At the end of this siding, a lone boxcar indicates that this track is not abandoned. Facing the track is the Ba-Tampte Pickle warehouse, one of the city’s leading kosher pickle producers. The -e in its name is silent. As its slogan indicates, the name originates from the Yiddish term batampt, which is sourced from the Hebrew taam, meaning taste. Ba-Tampte shares its block with another industry stalwart, Mr. Pickle, whose mascot’s cane, hat, and posture resemble the Planter’s Peanut.
At the turn of the 20th century, there were so many immigrant Jews in the pickle business, that a stretch of Essex Street on the Lower East Side was known as Pickle Alley or Pickle District. The other NYC pickle greats, Guss’ Pickle is in downtown Brooklyn. In the old neighborhood, Russ & Daughters can still be found on Houston Street.
On the eastern edge of Brooklyn Terminal Market is the Canarsie Plaza shopping center, completed in 2011. The rooftop parking lot here offers panoramic views of the market, looking west towards Manhattan.
The view hasn’t changed much since the city published a rendering of this market in 1941. The outdoor stalls on the lower right of this plan have since been developed as Canarsie Plaza. Plans were also made for a Manhattan Terminal Market at Gansevoort Street and the Hudson River, but only the meat portion of that market was completed. Bronx Terminal Market was redeveloped in 2009 as a shopping center, park, and museum. The two other boroughs, Queens and Staten Island never had their own “terminal markets.”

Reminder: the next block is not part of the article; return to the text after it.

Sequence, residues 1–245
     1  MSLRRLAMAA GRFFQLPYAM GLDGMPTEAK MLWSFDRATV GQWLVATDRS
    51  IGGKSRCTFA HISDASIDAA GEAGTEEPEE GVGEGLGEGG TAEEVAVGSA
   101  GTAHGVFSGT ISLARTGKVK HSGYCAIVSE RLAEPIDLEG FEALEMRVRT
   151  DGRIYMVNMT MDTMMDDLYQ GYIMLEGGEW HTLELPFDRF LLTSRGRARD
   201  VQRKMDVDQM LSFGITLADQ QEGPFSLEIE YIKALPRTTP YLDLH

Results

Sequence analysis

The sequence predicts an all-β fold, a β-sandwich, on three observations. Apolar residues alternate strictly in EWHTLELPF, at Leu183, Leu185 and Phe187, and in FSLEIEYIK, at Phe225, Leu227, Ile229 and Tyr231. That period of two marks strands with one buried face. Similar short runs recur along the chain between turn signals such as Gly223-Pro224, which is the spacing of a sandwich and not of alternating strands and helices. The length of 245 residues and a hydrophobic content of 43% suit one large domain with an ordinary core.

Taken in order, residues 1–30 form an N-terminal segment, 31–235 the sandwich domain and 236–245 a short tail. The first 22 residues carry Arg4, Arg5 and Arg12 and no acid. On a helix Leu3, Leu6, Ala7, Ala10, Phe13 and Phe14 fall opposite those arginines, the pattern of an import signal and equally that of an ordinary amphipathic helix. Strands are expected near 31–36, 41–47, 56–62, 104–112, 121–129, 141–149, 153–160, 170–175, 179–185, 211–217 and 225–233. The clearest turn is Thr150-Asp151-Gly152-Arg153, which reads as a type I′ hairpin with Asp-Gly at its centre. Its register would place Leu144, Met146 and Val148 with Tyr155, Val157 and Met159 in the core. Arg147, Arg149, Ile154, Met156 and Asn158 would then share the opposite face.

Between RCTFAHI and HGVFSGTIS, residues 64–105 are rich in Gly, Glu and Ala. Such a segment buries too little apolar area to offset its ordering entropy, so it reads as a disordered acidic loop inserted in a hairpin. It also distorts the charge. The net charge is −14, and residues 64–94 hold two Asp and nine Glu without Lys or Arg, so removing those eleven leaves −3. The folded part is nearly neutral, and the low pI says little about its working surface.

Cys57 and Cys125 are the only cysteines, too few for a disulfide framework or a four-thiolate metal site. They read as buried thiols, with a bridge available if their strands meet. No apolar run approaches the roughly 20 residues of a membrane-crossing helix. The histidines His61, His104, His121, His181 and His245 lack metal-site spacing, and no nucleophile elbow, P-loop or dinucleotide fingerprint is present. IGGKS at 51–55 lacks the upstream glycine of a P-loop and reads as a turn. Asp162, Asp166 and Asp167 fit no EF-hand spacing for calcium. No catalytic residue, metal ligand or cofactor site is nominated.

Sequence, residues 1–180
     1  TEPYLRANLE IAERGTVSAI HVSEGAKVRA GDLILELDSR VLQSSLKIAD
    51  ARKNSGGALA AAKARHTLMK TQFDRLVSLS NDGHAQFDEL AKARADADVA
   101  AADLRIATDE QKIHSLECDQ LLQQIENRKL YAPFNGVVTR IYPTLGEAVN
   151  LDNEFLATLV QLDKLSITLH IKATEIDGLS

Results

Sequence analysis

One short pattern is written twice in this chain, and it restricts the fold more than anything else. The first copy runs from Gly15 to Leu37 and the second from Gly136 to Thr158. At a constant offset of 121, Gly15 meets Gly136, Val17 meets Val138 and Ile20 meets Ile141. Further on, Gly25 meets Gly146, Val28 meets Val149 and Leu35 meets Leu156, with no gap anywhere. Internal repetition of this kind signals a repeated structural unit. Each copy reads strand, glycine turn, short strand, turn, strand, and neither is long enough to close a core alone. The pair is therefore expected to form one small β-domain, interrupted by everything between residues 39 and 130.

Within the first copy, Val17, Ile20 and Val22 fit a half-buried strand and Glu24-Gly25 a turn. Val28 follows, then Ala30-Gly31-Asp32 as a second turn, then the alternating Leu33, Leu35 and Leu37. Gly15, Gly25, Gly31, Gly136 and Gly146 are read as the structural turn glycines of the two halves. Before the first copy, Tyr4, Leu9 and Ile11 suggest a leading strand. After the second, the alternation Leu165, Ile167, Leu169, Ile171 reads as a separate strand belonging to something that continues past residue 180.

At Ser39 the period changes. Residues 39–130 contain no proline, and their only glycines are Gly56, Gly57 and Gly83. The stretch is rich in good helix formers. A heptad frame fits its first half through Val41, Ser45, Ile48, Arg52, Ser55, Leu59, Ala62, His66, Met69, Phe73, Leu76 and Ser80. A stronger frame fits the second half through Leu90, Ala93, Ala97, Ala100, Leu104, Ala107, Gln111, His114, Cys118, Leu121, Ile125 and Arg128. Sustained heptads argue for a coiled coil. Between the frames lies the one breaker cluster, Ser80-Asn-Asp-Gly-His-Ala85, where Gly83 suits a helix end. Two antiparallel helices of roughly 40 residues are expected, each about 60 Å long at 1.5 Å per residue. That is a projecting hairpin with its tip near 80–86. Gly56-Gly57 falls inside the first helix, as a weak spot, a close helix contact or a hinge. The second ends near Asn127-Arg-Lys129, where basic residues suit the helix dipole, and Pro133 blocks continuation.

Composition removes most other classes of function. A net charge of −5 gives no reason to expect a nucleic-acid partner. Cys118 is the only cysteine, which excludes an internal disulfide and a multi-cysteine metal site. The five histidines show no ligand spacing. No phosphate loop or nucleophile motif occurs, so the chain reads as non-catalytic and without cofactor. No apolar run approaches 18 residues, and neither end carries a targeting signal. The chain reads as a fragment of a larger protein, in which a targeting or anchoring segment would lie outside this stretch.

The parking lot of Canarsie Plaza is enclosed by shops to give it the appearance of a town square and there is a sitting area in one corner of this strip mall. It’s a thoughtful touch in a neighborhood with few parks.
There is another park close to Brooklyn Terminal Market, the one-acre Curtis Playground, named after local Councilman Sam Curtis. Located at Foster Avenue and East 82nd Street, it was dedicated in 1975. His name may not mean much to today’s Canarsie residents, but in the 1950s and 1960s he fought against the clustering of public housing in eastern Brooklyn, fearing an uptick in crime.
Prior to the development of the market, this section of Canarsie was farmland with Canarsie Lane as its only road, as seen in this 1933 photo. There are five hints of this ancient road that can be seen today. The position of the Wyckoff House skews off the street grid, indicating where Canarsie Lane used to run. Pieces of it appear at Ralph Avenue and E. 83rd Street, and another at a triangle on the corner of Kings Highway and Clarendon Road.
Kevin identified Canarsie Lane in this 1898 USGS survey as the eastern continuation of Cortelyou Road. Now here are two more hints of Canarsie Lane that have not been previously reported here.